What is your understanding of good teaching? Is it transmission of knowledge to learners, or helping them to acquire factual information? If you think that’s what it is, I would urge you to reconsider. Teaching (at medical school level and beyond) should be understood as the facilitation of learning, which may have little to do with increasing factual knowledge. The key is helping students to ask deep questions and make conceptual connections for themselves. They have, after all, been acquiring facts all their lives, and the majority if them wouldn’t be where they are now if they hadn’t demonstrated their ability to successfully do this. What they need help with, (and what we all need to be effective lifelong learners), is thinking critically, integrating and applying their knowledge and problem-solving to ensure their patients will receive the best possible care.
A paper in Medical Teacher1 describes a successful faculty development programme where medical faculty where encouraged to substantially reflect on what it means to teach over the course of a year, and were supported in their development of a more complex understanding of teaching that was crucial to their professional development. PRIME aims to help health-care professionals to teach in ways that engage students in active learning, encourages them to reflect on their practice, and develop critical thinking and problem-solving skills. Doing this sometimes involves raising more questions than answers, which may initially confuse participants who are used to didactic, fact laden lectures. But in an age where information is available at the press of a button on any internet-linked computer, this approach is vitally important in developing doctors who are competent and capable practitioners.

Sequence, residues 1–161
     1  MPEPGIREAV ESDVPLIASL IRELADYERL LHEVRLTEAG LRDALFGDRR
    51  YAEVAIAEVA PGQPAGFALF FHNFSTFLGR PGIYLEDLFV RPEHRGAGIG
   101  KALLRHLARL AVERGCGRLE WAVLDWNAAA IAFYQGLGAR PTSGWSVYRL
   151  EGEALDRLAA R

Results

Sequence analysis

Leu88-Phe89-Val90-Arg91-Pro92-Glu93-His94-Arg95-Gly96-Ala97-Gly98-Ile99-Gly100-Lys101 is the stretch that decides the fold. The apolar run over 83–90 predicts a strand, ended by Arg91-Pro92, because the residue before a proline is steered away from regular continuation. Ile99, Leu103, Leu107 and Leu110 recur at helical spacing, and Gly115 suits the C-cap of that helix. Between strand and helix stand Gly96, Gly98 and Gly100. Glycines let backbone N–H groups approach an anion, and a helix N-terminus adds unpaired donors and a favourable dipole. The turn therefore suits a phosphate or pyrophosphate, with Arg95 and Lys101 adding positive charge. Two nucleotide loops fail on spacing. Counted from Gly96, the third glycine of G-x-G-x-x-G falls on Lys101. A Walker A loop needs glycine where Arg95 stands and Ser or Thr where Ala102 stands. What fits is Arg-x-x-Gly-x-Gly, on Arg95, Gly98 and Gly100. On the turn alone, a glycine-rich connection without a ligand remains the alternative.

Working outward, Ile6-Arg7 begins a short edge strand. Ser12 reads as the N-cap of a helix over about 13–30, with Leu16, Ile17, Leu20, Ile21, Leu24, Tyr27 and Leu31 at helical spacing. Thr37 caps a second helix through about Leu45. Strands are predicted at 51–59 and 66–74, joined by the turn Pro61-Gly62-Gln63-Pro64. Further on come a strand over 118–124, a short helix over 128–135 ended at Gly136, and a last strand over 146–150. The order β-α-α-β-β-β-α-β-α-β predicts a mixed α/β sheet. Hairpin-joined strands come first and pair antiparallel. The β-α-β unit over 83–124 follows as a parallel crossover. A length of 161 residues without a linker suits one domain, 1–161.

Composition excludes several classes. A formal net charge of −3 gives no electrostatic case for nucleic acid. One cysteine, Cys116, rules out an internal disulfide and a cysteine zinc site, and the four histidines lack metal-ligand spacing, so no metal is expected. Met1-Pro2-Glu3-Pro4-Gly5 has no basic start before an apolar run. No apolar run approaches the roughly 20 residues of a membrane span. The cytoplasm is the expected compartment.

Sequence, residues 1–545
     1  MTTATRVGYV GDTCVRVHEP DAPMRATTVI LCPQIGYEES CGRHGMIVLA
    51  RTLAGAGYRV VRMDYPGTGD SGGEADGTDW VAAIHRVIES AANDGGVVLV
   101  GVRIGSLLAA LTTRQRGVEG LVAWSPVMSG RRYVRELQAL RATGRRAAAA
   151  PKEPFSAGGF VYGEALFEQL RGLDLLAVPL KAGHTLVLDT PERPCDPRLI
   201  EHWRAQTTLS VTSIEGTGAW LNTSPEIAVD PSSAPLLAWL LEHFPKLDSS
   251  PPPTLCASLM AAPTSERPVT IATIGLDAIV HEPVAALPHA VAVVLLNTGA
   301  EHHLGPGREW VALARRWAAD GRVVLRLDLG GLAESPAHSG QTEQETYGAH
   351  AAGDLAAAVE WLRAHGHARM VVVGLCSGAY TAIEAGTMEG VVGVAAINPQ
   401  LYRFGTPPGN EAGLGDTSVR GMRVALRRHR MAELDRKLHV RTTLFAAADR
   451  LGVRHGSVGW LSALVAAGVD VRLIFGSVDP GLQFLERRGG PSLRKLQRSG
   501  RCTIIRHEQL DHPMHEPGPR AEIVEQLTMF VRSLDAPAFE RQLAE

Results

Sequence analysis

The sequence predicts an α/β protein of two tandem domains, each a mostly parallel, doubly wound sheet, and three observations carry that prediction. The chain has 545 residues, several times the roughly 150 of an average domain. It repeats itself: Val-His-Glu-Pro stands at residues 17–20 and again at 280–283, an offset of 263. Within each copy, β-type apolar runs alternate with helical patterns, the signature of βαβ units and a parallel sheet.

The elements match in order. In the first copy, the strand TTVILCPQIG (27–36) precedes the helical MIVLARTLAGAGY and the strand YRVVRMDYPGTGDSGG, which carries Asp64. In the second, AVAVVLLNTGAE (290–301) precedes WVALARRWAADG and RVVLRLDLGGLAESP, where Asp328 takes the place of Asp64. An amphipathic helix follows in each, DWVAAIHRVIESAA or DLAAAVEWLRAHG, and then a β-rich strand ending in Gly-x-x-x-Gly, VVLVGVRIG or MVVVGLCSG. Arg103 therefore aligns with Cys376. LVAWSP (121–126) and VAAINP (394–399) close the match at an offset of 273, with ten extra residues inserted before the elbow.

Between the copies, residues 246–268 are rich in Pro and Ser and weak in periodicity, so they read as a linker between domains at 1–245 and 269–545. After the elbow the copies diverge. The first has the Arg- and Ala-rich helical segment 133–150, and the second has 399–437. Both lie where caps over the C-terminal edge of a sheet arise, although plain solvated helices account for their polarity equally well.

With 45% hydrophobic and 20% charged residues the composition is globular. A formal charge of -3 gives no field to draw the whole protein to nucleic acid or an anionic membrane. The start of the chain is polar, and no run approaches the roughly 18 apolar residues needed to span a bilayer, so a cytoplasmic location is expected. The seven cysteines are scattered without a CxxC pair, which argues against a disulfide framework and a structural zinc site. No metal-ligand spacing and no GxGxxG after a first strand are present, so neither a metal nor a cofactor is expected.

In PRIME we look to the example of Jesus who is widely regarded as one of the best teachers in history. We find that He demonstrated in His teaching the very characteristics that the modern educational theory described briefly above is now propagating in medical schools in the developed world. He asked questions, challenged assumptions, gave learners case-based scenarios to consider, gave feedback to His learners, and encouraged them to link their prior understanding with the new perspectives and attitudes that He was teaching.
Do you want to be a teacher who enables your students to learn, to grow, to be committed to lifelong professional development so they can be capable providers of good care to their patients? Then make sure you are not just filling them with facts, but challenging them to question, to problem-solve and to integrate and discover for themselves. The teaching methods and values of Jesus, applied to medicine, have the power to transform patient care around the world. This is PRIME’s mission.
1. Calkins et al. Changing conceptions of teaching in medical faculty. Medical Teacher, 2012, Vol. 34, No. 11 : Pages 902-906
PRIME Senior Tutor